3. The majority's decision establishes, de facto, a presumption of confidentiality by prohibiting Parties from disclosing: (i) the records or minutes of the hearings; (ii) the documents submitted by the Parties in this proceedings; (iii) the pleadings or written memorials of the Parties and their annexes; and (iv) the correspondence relating to these proceedings (exchanged between the Parties or between the Parties and the Tribunal). The Parties maintain the right to request the lifting or modification of this confidentiality restriction, but all such requests must be duly justified. This presumption clearly responds to a general interest of confidentiality. Nevertheless, I consider that this presumption is being applied in an overly broad and unlimited manner, without prior control having been exercised by the Tribunal. This can hardly be characterized as a "solution" that protects the interest of both Parties, and much less as a balance struck between the interests of transparency and the interests of confidentiality.
15. The Tribunals that originally examined the issue of transparency in ICSID proceedings had two options. The first was to determine that, in the absence of explicit rules on transparency, every proceeding would be confidential, unless otherwise provided. The other option was to develop a standard requiring the weighing of the two types of interests, that is, the interests of confidentiality and the interests of transparency. These Tribunals preferred the second option. In doing so, I understand them to have recognized the fundamental value that transparency has for these kinds of proceedings. As stated by the Tribunal in Becarra, "transparency in investment arbitration shall be encouraged as a means to promote good governance of States, the development of a well-grounded and coherent body of case law in international investment law and therewith legal certainty and confidence in the system of investment arbitration…”.4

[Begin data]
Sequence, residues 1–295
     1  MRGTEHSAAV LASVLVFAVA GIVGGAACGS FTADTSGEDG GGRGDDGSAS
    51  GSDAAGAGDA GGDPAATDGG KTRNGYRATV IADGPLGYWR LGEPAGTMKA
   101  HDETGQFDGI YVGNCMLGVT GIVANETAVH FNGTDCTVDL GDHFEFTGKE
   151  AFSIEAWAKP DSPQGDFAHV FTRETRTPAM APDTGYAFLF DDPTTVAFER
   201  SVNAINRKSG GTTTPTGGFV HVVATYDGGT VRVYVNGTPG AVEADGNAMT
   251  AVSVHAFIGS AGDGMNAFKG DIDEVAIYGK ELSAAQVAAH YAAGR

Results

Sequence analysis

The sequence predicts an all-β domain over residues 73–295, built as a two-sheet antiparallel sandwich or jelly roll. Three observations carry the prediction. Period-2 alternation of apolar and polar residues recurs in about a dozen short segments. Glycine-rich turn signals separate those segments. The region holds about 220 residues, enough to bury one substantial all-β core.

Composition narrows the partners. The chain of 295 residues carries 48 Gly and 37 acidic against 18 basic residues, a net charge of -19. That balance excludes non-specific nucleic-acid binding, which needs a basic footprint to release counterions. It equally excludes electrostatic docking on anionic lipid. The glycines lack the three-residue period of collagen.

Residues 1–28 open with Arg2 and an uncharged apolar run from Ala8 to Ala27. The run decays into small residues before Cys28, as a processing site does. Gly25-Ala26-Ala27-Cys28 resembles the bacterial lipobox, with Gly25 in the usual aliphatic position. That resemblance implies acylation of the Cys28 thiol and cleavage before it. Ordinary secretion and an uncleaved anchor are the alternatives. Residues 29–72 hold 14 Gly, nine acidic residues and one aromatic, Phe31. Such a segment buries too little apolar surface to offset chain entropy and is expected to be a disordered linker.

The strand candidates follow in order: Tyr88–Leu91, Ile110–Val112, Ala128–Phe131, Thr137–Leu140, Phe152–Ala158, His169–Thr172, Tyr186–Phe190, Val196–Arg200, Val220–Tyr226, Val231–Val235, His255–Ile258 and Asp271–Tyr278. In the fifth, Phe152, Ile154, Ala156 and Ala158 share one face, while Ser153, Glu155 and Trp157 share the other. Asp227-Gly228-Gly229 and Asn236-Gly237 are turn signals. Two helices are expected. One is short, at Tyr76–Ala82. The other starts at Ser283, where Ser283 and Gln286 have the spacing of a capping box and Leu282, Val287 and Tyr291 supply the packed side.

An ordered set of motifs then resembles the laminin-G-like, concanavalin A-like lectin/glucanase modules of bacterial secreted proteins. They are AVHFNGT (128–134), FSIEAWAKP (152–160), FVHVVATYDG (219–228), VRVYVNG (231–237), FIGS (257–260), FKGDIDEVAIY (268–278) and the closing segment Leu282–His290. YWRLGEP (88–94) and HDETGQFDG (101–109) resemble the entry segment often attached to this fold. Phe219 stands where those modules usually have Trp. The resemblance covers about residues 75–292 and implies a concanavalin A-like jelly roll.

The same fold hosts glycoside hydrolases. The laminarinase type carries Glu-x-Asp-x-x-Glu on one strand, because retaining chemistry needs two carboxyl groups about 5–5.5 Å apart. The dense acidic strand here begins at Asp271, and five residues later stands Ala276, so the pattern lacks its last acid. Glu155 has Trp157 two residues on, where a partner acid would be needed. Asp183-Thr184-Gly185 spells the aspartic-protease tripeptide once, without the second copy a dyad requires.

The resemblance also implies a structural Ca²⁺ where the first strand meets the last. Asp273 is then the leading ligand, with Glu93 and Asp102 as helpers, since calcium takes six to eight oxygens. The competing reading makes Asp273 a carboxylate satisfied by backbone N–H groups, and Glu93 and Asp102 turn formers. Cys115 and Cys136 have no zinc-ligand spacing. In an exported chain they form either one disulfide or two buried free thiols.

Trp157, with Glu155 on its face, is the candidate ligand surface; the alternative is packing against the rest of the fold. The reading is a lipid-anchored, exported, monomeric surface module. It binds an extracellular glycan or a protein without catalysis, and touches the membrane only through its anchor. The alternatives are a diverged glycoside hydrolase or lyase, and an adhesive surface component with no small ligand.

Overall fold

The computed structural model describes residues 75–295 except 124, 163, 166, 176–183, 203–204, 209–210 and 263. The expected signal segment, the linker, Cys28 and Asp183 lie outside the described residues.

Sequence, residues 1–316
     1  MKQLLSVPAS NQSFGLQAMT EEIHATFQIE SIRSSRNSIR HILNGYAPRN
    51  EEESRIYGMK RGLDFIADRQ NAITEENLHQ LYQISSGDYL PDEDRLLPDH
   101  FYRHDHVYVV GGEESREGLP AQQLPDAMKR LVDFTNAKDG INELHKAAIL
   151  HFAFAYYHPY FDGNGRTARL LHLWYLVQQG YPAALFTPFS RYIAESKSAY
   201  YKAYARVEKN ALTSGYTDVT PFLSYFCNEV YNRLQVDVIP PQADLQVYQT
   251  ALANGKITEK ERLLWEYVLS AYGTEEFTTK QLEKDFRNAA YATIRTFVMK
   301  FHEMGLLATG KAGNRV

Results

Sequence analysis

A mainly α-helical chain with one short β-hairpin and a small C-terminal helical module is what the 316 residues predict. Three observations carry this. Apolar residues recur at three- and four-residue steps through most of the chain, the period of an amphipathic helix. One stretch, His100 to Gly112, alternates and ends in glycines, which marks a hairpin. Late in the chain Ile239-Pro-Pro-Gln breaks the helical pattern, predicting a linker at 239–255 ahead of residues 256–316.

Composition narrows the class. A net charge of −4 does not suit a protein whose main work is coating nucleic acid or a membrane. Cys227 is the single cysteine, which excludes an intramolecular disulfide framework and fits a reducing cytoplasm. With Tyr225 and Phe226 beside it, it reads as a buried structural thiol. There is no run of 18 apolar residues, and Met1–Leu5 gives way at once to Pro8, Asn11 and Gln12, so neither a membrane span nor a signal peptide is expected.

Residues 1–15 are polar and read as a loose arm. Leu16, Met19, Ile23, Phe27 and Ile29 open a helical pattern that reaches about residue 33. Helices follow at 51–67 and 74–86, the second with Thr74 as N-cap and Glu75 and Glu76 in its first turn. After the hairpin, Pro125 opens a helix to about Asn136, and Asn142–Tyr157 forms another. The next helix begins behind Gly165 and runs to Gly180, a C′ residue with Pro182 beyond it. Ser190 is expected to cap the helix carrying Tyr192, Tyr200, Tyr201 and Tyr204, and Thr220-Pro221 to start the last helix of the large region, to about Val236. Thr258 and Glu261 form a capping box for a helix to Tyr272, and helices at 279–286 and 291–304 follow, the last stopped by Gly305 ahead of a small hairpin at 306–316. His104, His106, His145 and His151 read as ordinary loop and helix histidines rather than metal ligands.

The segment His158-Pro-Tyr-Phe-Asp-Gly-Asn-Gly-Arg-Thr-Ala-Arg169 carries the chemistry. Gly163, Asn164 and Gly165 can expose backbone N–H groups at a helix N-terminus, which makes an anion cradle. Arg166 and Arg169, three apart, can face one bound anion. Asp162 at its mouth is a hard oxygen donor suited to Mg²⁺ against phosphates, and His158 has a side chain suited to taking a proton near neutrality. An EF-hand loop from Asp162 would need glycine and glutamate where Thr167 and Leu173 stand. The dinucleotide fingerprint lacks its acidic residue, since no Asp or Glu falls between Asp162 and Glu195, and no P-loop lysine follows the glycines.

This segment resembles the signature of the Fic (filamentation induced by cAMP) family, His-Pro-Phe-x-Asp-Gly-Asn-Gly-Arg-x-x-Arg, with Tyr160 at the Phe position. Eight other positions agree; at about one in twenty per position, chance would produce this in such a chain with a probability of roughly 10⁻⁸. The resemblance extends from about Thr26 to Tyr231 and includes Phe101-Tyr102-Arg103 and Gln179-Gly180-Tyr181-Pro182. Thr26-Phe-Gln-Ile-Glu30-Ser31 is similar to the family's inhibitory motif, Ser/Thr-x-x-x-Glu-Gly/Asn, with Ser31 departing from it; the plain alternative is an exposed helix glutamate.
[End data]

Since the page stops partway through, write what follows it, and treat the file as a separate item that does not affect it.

16. This reasoning is, in my view, even more relevant today when disputes of this nature are under intense scrutiny by Society. Let me be clear, transparency does not mean that there is no right to protect certain information in particular circumstances. Parties must have the possibility to protect information that is confidential in nature, for example information where disclosure could give an advantage to a competitor or, information that qualifies as a trade secret. I am completely convinced that Tribunals can adopt mechanisms that protect such information while, at the same time, providing more transparency to the proceedings.
17. Society has a right to know – of course protecting at all times information that is genuinely considered to be confidential –the actions of their governments and investors, as well as the manner in which they are defended. For this reason, transparency can provide legitimacy both to the claims of the investor as well as to the defence of the State. Transparency generates certainty, ignorance panic. Transparency therefore can be a means to pave the way and facilitate a better development of these proceedings and to avoid that Society renders a judgement, in the dark, about these proceedings. For all of these reasons, I cannot join a Resolution that goes in the opposite direction.
Transparency in investment and trade disputes is still very uneven. Sometimes you get a lot; sometimes you don't. In my view, the dissenter says some very sensible things about why more transparency is better.